(BPT) - In the popular Christmas carol, the best way to reach grandmother's house is to travel by sleigh over the river and through the woods. However, these days, most people find their personal vehicles a far more reliable option.
The holidays are the busiest travel time of the year, and according to the Bureau of Transportation Statistics, 91 percent of all long-distance travelers will rely on their personal vehicle to get them to grandmother's house, or wherever they may be headed. Unfortunately, the winter season is also the most dangerous time of year for road conditions. Keep that in mind before you head over the river or through the woods this season, and make sure to apply these five winter driving tips from Michelin.
* Brake, don't panic. In slippery road conditions, your wheels may lock and slide when you apply the brake. If this happens to you, don't panic. Release your foot from the brake to slow the skid's momentum and recover traction, then slowly apply the brake again.
* Outfit your vehicle with the right tires. If you frequently encounter snow or ice, and the temperature consistently approaches freezing (32F), you need the extra grip of winter tires, even if you have a four-wheel or all-wheel drive vehicle. Winter tires are designed to perform better in a wide range of winter conditions by improving your vehicle's grip and shortening braking distances. Include switching to winter tires on your seasonal projects list to keep you safer on the road.
* Turn cautiously. In slippery conditions, turns present the greatest potential for an accident, so as you approach a turn, be sure to slow your speed and maintain that speed throughout the turn. Do not accelerate; a sudden change in speed could cause you to lose control. You should also avoid braking during a turn to reduce your skid risk. Brake in the straightaway before the turn and move through the turn at a slower, controlled speed.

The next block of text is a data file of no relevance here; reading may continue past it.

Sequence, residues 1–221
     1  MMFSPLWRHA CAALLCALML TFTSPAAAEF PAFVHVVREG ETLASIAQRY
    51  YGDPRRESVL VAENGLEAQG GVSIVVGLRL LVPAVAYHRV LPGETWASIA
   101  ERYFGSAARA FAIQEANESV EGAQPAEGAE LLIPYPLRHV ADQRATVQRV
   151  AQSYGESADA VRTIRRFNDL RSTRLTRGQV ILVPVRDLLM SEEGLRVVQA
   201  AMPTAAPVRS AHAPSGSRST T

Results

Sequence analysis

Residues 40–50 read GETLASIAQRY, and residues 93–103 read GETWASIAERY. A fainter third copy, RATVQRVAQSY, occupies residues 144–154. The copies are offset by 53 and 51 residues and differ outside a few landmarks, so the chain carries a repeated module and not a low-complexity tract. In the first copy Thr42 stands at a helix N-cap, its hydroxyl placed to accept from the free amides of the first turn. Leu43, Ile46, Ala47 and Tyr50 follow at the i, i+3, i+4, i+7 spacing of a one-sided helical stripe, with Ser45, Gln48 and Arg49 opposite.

* Love the lane you're in. Changing lanes can increase your chances of a spin out. If the roads are icy or covered in slush, these conditions are apt to be worse on the shoulders and in less traveled lanes, so avoid them if you can. Find the lane that works best for you and stay there as long as possible.
* Get defensive. You've long heard about the importance of defensive driving and this practice is invaluable during the winter months. Just as you are struggling with the road conditions, so are the drivers around you - particularly if they were not driving respective to the weather in the first place. So slow down, allow that car in front of you some extra room and don't cut off any other motorists. The more you prepare for your own safety, the easier it will be for others to do the same.
Celebrating the drive home
The drive home is an iconic holiday tradition for many Americans and to celebrate it this year, Michelin will once again sponsor the America's Car Museum (ACM) and North American International Auto Show's Drive Home. This year's event, called the Heritage Run, starts on Dec. 27 in Boston and ends on Jan. 7 in Detroit. The 12-day, 10-state, 2,150-mile jaunt will be traveled by three iconic American cars from the ACM, the 1957 Chevrolet Nomad, the 1961 Chrysler 300G and the 1966 Ford Mustang all fitted with modern winter tires for added safety. You can learn more about the Drive Home and how to follow it yourself by visiting Americascarmuseum.org.